Directed by: Rodrigo Gasparini, Dante Vescio
Cast: Pedro Caetano, Pedro Carvalho, Mariana Cortines
The film opens with a look at a few friends on the road, traveling. They’re headed for a buddies secluded lot of land where an aged farmhouse holding something not-quite-right waits to welcome them. Before our focal group even arrives at the farmhouse we see that there may be some suspect practices taking place under that roof. It looks like Apolo, who owns the farmhouse, may be into some witch craft, or atypical spiritual practices, at best.
Initially this little gathering goes smoothly. It’s fairly uneventful, with a few drinks being consumed, a few silly games being played. The group is just continuing to get to know one another on deeper levels, and that all works to in aiding the viewer to understand the characters and their motives. And Apolo has some interesting motives.
What was once a trip to chill and hang, quickly becomes a dance with angered spirits. Dabbling in the unknown always has the potential to produce some terrifying occurrences, but doing so while out in the sticks, with little access to anyone who might be able to provide assistance should assistance be needed, just sounds like a really, really bad plan. As The Devil Lives Here shows us, this is no exception: these 20-somethings should have left the mystical mumbo jumbo to someone else.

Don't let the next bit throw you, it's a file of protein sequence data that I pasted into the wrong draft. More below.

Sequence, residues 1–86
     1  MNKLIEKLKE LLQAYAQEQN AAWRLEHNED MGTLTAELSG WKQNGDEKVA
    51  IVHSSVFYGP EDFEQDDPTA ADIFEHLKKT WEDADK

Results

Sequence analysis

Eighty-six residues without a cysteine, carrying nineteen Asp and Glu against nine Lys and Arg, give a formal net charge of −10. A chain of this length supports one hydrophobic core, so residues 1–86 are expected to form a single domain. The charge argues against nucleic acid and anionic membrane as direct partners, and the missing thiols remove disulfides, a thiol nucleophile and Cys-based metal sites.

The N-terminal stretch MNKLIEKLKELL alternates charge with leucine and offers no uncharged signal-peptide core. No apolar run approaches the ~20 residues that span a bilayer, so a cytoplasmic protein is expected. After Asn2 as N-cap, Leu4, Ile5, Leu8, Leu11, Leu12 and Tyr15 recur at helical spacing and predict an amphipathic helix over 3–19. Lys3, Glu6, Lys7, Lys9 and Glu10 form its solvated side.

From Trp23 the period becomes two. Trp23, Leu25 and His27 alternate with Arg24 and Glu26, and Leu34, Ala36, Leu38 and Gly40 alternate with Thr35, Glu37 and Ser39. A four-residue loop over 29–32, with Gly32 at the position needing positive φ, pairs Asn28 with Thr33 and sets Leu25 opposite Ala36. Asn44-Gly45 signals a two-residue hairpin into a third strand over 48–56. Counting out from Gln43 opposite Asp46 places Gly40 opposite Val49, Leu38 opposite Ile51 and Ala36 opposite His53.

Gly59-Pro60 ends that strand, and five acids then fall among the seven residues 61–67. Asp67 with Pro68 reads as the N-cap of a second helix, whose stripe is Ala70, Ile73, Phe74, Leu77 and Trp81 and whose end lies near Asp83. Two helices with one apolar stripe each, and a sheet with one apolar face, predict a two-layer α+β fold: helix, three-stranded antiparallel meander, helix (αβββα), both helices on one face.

I’m not out to axe any and all surprise that the film offers, because it does offer some surprises, and a few of them are certified horrifying. What lives in this abode is not pleasant, and whatever it is, it’s been festering on hatred for too many decades to count. Summon something like that and you know that the shit is about to hit the fan. And we don’t want to spoil said shit.
Rodrigo Gasparini and Dante Vescio direct from an original story by M.M. Izidoro, and it’s a winner. If you prefer to dummy down the intensity of the story you’ll be able to view it as a simple haunted house/possession tale. If you choose to focus on the wrinkles of the story, and the legend discussed by the film’s protagonists, you’ve got a ghost story with chilling layers just waiting to be peeled away. The film may follow a somewhat standard structure, but the details of the narrative and the manner in which Gasparini and Vescio flesh out the characters ultimately enables The Devil Lives Here to usurp the standard ghost story.
Technically speaking, the flick also looks superb, the cuts coming at the right moments, the beats timed perfectly. The low lighting and grimy image of the film serve as a nod to grindhouse features — think of the aesthetics in The Texas Chainsaw Massacre, clean that image up just a tiny bit, and that’s about the look we get from The Devil Lives Here.
We get some very well-rounded performances from a group who may not be too familiar, but deserve every bit of respect that this pic may lead to garnering. The relationships feel genuine, and the tension that often threatens to drive a wedge between certain characters is far from contrived. There’s an all-around strength to the chemistry of the film’s players, and I can get behind that.
Be prepared for a somewhat slow start. The first half of the picture is spent introducing everyone and positioning the pieces of the conflict in perfect order. From the halfway point on, however, all Hell breaks loose, and it makes for a dark and tense adventure into the unknown.